On quake anniversary, China touts disaster relief measures

May 11th, 2009 - 2:47 pm ICT by IANS  

Beijing, May 11 (Xinhua) A year after more than 87,000 people were killed or went missing in an earthquake that ravaged China’s Sichuan province, Beijing Monday unveiled a white paper highlighting the disaster relief efforts it has undertaken, as well as the way it plans to manage future disasters.
More than 374,000 people were injured and millions left homeless following the magnitude-8.0 devastating quake that struck southwestern Sichuan province May 12, last year.

The white paper, released by China’s State Council, shed light on how the officials in cooperation with the public carried out the relief and rescue measures in harsh conditions after the earthquake and during other disasters that hit the country in 2008.

Given that many kinds of wide-ranging disasters frequently hit China and cause huge losses, China’s main tasks were to strengthen its ability to manage potential risks of natural disasters, to monitor and forecast natural disasters, to prevent them and conduct rescue and relief, the paper said.

“The work of preventing and responding to natural disasters has become more serious and complicated,” the paper said.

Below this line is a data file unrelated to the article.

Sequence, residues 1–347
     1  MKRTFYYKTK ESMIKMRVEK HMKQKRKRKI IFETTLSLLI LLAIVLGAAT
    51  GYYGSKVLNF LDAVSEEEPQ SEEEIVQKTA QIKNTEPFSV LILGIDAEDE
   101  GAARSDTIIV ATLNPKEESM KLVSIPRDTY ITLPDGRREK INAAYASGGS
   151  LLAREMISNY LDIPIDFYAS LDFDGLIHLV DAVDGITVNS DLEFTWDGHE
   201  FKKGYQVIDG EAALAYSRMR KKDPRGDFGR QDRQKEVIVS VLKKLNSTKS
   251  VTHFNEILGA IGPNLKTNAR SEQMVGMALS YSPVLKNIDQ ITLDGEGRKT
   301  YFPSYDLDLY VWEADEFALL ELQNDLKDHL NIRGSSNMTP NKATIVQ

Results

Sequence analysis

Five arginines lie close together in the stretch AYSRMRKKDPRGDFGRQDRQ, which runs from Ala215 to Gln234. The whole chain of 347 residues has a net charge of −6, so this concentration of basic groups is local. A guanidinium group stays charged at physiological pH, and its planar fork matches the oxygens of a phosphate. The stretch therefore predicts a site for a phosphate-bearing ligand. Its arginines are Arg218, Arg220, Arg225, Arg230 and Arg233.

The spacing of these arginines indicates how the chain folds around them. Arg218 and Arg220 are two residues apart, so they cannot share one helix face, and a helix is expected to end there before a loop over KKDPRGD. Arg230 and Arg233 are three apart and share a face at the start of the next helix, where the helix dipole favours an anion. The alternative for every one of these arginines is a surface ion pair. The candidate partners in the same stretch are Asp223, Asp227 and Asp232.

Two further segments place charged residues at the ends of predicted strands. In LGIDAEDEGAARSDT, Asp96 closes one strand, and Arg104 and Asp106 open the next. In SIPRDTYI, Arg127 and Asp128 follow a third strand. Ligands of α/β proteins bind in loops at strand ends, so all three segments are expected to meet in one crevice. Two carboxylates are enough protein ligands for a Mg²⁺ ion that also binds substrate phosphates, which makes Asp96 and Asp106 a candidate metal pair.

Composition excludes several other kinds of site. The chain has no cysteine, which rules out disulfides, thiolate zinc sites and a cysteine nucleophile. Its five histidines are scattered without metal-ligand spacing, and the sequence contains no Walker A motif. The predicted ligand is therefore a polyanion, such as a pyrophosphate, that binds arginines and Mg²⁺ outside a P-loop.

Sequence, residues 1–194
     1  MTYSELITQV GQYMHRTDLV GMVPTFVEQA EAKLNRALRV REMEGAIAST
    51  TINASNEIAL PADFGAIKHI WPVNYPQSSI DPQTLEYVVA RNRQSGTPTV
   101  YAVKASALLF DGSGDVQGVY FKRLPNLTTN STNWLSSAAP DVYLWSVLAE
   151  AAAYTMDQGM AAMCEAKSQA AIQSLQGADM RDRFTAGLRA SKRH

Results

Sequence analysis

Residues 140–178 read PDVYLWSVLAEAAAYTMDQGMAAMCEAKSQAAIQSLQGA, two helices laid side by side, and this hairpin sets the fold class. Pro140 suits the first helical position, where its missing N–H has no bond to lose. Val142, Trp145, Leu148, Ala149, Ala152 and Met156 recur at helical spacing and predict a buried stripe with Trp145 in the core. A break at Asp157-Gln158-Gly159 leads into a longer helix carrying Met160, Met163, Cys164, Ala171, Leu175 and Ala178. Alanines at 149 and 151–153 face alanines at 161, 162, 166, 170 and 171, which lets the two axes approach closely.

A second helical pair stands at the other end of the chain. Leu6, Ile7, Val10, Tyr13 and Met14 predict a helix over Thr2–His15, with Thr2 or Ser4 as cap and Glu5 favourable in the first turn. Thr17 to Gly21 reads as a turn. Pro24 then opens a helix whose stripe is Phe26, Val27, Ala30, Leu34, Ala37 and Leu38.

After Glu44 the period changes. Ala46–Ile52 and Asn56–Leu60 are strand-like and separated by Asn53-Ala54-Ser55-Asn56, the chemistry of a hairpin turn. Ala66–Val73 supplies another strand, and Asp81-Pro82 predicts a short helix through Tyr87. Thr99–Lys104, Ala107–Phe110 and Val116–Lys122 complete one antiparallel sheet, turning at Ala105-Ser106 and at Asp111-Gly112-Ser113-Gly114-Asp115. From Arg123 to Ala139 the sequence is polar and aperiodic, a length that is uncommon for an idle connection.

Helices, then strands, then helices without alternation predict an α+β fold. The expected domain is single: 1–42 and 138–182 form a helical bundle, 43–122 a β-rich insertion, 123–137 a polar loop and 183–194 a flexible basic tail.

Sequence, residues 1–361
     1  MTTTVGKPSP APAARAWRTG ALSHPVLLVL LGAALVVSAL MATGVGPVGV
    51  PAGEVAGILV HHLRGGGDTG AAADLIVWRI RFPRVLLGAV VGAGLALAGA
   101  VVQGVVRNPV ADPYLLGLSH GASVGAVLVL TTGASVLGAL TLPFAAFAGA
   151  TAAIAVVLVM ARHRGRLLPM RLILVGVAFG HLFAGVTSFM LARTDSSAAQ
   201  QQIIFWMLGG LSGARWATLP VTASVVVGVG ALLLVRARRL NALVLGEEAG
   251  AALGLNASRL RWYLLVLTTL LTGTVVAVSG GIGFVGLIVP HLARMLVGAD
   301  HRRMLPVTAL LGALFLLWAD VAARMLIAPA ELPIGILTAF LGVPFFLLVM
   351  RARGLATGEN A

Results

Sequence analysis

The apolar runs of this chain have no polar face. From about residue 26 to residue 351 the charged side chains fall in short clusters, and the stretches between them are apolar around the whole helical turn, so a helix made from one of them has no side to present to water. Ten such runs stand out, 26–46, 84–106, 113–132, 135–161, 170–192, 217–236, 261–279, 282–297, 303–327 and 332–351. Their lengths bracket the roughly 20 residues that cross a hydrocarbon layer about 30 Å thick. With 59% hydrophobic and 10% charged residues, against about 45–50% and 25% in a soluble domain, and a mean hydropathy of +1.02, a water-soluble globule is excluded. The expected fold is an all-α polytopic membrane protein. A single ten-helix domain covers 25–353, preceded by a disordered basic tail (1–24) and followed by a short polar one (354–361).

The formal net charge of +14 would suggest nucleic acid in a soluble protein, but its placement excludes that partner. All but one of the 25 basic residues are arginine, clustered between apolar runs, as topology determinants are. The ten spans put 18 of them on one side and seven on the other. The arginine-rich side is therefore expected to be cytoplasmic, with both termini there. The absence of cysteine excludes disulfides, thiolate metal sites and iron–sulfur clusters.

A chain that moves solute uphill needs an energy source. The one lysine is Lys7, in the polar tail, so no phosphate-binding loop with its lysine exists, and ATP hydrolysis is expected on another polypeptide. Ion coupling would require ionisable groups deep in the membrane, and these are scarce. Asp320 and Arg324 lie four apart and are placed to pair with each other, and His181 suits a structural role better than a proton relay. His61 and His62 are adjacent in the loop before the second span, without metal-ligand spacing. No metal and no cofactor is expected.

Zou Ming, director of the disaster relief department under the civil affairs ministry, said that the country learned a lot from the disasters that strengthened its capability to deal with such eventualities.

“Based on the lessons we learned and problems found in rescue and relief work for winter storms in south China in early 2008 and the May 12 earthquake, we have made efforts to improve the country’s disaster management system,” Zou told a press conference here Monday.

The country had amended its state-level contingency plan for natural disaster relief and ordered local governments, rural and urban communities to make corresponding plans, he said.

The country will adopt a new system to calculate damages and loss in disasters from June 1 and train local officials in charge of collecting such data, he said.

Zou also said that pilot programmes had been held in 13 provinces so far this year and training would be offered to 30,000-50,000 officials by the end of this year.

China also planned to increase the number of state-level storage facilities for relief materials from 10 to 24, the official added.

The country attaches great importance to institutionalising disaster control work, such as issuing relevant laws and regulations, and it has developed a disaster control and response system in line with China’s realities, the report said.

The system included leadership from the State Council and central government departments as well as disaster control departments at different levels, while local governments bore the main responsibilities, the document said.

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